The Code of Conduct for Responsible Fisheries (CCRF) was unanimously adopted by FAO Member States on 31 October 1995. The Code and its related International Plans of Action (IPOA) are voluntary instruments widely recognised by governments and NGOs as the global standard for the sustainable development and management of fisheries and aquaculture, and as a basis for reviewing and adopting national fisheries legislation. In adopting the CCRF, FAO members also requested an inter-regional programme of external assistance to upgrade capabilities of developing countries to facilitate compliance with their obligations under the Code.
One of FAO’s Impact Focus Areas for 2010-2014 supports the promotion of responsible fisheries and aquaculture sector management at the global, regional and national levels. The work includes mostly capacity development activities in support of the implementation of the CCRF, Compliance Agreement and associated International Plans of Actions. FAO’s Global Partnership for Responsible Fisheries (FishCode) has also received substantial financial support from donors in recent years, which has not been independently evaluated.
In this context, FAO Programme Committee in April 2010 selected FAO’s support to the implementation of the CCRF as one of the priority areas for evaluation in 2011. This evaluation will assess the work by FAO in the period 2004-2011, funded through Regular Budget and Voluntary resources, in support of its Member Countries’ efforts to implement and comply with the broad range of guidance contained in the Code.
The Evaluation is expected to be finalized by May 2012 and discussed at the Programme Committee at its session in October 2012.
In recent years, the role of forests in global responses to the challenges of sustainable natural resources management, bio-energy development and natural disaster mitigation has been given considerable attention by the international community.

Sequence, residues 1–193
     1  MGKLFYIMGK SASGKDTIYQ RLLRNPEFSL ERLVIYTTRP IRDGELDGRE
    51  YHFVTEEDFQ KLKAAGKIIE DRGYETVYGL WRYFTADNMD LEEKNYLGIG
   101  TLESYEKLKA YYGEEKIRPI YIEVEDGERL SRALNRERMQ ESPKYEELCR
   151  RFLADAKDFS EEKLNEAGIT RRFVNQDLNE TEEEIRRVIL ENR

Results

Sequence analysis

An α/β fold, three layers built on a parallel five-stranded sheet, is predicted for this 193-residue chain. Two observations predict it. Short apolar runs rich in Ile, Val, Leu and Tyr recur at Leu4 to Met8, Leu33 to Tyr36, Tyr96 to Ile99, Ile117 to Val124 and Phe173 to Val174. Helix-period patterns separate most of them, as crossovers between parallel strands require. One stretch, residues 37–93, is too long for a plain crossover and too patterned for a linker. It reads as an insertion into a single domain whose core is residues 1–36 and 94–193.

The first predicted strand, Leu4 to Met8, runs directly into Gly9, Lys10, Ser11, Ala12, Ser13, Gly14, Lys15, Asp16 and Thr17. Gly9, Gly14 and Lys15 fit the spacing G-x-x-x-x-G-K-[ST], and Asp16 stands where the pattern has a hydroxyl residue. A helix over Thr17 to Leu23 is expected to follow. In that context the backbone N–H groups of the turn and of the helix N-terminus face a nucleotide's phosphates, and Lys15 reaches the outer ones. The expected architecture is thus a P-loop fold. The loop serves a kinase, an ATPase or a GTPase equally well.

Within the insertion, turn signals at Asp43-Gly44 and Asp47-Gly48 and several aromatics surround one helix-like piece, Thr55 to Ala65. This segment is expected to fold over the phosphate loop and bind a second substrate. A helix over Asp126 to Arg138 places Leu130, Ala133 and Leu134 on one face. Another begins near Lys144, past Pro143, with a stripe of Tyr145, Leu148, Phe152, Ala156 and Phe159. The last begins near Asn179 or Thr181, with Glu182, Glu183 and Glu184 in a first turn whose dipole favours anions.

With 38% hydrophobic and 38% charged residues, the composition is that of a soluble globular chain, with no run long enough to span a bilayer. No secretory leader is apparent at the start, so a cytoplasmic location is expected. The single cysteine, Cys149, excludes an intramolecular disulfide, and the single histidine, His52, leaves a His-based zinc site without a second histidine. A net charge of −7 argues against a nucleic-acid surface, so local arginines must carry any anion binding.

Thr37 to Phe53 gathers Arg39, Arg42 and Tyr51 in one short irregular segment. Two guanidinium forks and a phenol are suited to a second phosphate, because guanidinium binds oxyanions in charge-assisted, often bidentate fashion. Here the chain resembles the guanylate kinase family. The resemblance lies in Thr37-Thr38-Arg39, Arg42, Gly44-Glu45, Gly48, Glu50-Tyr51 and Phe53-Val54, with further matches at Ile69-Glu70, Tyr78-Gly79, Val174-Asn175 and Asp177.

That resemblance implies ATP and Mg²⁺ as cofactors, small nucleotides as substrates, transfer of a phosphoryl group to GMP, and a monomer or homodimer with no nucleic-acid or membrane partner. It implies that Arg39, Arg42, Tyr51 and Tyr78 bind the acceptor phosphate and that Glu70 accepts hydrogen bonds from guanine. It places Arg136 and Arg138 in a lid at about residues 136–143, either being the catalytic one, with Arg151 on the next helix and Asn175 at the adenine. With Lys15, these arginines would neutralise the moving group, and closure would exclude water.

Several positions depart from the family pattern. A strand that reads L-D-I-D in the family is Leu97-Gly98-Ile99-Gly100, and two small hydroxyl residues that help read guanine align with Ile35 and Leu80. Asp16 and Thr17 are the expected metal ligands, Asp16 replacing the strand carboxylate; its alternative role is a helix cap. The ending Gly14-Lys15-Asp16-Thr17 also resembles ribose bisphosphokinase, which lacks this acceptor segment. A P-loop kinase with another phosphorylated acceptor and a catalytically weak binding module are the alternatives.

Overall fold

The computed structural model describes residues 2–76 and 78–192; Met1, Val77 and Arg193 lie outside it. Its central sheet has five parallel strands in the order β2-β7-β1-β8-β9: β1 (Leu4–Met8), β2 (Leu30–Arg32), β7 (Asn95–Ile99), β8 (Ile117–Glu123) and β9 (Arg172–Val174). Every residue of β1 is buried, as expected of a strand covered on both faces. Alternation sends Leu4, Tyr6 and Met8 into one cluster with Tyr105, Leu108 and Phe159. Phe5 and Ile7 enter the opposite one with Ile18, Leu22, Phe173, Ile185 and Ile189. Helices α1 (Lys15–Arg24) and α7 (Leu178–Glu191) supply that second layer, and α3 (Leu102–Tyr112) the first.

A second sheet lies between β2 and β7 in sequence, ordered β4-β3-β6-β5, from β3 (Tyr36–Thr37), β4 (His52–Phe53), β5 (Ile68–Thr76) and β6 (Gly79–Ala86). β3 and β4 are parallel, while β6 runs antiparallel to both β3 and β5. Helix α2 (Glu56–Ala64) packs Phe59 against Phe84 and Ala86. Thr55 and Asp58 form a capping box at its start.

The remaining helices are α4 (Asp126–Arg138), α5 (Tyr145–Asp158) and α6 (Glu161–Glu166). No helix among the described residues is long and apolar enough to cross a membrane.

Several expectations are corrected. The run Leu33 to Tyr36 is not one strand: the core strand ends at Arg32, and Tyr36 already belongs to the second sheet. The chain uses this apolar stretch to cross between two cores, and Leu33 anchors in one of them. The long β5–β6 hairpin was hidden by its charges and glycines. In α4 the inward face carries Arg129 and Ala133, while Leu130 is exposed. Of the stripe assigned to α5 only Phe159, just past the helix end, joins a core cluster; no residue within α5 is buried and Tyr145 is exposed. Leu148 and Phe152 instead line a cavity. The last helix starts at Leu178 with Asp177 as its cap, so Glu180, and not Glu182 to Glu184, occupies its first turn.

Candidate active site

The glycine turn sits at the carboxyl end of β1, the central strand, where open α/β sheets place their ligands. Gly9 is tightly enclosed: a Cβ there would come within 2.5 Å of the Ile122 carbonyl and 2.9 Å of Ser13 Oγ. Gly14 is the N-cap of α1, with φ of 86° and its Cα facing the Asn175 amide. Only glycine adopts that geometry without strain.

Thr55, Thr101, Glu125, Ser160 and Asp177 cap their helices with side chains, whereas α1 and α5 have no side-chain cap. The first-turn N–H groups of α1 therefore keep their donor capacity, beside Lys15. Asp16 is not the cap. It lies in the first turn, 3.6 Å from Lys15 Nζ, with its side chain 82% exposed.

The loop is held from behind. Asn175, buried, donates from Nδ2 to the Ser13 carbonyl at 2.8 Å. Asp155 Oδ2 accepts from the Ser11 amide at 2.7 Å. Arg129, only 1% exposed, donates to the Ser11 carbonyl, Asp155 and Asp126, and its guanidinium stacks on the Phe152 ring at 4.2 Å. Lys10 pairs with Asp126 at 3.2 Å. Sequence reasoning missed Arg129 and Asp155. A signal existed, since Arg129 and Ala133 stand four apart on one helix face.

As part of the Independent External Evaluation of FAO, an assessment of FAO’s forestry programme was undertaken, covering the period up to 2006. On the basis of this work, a number of broad recommendations related to FAO’s strategic stance in Forestry were put forth. The IEE recommended the conduct of “a strategic review of its work in Forestry […] with a focus on desired outcomes to be achieved as the result of FAO’s work in Forestry”, which resulted in the new FAO Strategy for Forests and Forestry, published in 2010, to guide actions for the following 10 years.
The IEE further noted in fact that “No external evaluation of this work has taken place in recent years”. The Forestry Department has also received substantial financial support from donors in recent years which have not been the subject of evaluation. For these reasons and the international attention on the role of forestry on global issues, the Programme Committee gave priority to the conduct of a comprehensive evaluation of FAO’s role and work in forestry.
The evaluation of FAO’s role and work in forestry will aim at providing evidence-based analysis of recent and current approach’s strengths and shortcomings, including the appropriateness of the strategies underpinning the work of FAO in forestry, achievements with regard to objectives, including issues such as partnerships and linkages with other sectors, and considerations of sustainability.
Secure tenure and access to land and other natural resources has been a long-standing area of FAO concern. Much of FAO’s work has focused on analysis, policy, legislation and practical approaches related to land reform, land consolidation, land registration and cadastre, leasing, customary and communal land tenure, rural property taxation and the administration of public sector land. More recently, the scope of work has broadened to include governance (including corruption), gender, indigenous groups and minorities, the environment, participation of civil society and the decentralization of public services.